Patent Denials on the Rise
Inventors shouldn't count on a patent as a ticket out of the recession. Even though the number of patent applications is on the rise, the U.S. Patent and Trademark Office has been rejecting them at an unprecedented rate over the past few years. According to the Milwaukee Journal Sentinel, the PTO denied more than 59 percent of patents filed in the quarter that ended June 30 -- that's up significantly from the 35 percent rejection rate that prevailed between 1975 and 2004. The agency imposed stricter standards for issuing patents five years ago, partly in response to criticisms of setting the bar too low. But some claim that the PTO has gone too far and is rejecting valid patents simply to get rid of the backlog.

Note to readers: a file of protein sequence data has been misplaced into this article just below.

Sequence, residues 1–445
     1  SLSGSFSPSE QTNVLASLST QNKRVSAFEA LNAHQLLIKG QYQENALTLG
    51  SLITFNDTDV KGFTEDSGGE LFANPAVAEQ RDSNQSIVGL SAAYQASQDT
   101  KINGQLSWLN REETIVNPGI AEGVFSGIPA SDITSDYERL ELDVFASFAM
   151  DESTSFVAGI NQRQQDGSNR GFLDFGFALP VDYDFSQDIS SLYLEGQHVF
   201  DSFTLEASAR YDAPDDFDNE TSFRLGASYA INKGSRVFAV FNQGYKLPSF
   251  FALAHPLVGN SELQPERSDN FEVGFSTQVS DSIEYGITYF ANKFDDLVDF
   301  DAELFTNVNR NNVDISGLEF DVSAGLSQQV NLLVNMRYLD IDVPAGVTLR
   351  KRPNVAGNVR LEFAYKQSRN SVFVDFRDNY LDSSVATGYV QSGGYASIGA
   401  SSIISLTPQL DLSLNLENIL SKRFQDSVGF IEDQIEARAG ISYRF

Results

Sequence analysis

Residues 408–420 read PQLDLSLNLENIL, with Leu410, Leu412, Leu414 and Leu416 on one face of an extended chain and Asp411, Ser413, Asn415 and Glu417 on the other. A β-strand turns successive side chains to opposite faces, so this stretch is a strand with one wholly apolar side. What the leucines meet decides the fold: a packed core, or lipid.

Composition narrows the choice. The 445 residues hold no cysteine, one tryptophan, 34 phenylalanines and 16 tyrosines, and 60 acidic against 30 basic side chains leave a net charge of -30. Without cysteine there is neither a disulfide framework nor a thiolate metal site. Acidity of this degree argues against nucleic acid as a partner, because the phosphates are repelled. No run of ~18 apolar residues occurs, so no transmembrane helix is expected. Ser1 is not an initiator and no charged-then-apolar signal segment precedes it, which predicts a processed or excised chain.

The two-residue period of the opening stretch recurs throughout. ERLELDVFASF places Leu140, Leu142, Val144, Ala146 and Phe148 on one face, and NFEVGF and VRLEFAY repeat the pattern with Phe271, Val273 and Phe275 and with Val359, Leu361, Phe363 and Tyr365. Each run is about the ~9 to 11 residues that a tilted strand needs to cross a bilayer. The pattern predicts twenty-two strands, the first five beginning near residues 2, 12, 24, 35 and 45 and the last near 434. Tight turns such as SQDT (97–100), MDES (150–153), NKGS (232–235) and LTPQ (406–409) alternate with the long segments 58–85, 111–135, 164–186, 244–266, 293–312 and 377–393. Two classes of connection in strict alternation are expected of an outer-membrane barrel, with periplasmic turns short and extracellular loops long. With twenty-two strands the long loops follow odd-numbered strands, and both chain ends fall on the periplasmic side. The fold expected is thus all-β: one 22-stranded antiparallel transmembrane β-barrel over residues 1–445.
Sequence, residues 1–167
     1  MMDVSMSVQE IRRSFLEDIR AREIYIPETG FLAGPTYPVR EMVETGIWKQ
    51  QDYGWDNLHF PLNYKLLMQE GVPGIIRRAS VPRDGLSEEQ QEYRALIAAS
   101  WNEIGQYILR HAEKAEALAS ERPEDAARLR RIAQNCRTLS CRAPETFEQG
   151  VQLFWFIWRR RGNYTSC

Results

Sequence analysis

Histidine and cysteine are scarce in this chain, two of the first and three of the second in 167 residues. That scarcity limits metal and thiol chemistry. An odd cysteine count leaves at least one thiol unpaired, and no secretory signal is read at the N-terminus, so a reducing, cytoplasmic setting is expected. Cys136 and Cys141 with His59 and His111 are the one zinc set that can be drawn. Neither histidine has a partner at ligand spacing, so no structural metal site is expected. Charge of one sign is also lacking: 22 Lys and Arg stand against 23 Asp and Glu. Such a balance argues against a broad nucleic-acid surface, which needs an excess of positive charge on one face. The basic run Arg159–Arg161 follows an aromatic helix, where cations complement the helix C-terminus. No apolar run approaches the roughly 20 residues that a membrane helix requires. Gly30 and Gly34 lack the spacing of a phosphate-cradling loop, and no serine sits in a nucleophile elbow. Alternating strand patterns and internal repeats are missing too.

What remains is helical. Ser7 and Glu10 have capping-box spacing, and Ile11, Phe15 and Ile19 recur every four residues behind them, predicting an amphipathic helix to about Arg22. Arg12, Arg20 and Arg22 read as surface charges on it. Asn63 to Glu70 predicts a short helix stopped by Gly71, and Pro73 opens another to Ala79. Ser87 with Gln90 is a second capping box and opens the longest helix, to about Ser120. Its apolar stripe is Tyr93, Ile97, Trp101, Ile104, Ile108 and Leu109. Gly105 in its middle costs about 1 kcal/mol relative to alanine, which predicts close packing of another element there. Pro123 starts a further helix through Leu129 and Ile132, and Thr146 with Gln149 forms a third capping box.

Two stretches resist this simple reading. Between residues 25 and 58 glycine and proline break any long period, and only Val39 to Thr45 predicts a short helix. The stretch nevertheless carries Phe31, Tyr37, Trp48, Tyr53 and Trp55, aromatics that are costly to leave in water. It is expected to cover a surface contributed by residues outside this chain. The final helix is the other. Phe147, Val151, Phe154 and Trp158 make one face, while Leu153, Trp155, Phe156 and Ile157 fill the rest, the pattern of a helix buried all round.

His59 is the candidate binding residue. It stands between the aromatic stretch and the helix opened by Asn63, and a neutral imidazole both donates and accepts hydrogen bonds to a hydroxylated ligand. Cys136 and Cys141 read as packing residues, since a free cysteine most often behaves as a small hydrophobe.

Many patent examiners agree, or at least contend that the PTO's policies encourage them to err on the side of rejection. According to Robert Budens, president of the trade union for the PTO's 6,300 examiners, there is a "culture of fear" among examiners that they'll be penalized or lose a bonus if they grant patents that are eventually rescinded.
In response to growing rejections, more applicants are filing appeals. Since Oct. 1, 2008, 6,280 appeals have been filed, although the Board of Patent Appeals affirms the PTO's decisions more than 70 percent of the time. Some say that the success rates on appeal shows that PTO's decisions are sound. But other experts say that even the appeal numbers are understated, since some of the appealed patents are resubmitted for further review rather than resolved by the Board.
Posted by Carolyn Elefant on August 17, 2009 at 04:57 PM | Permalink
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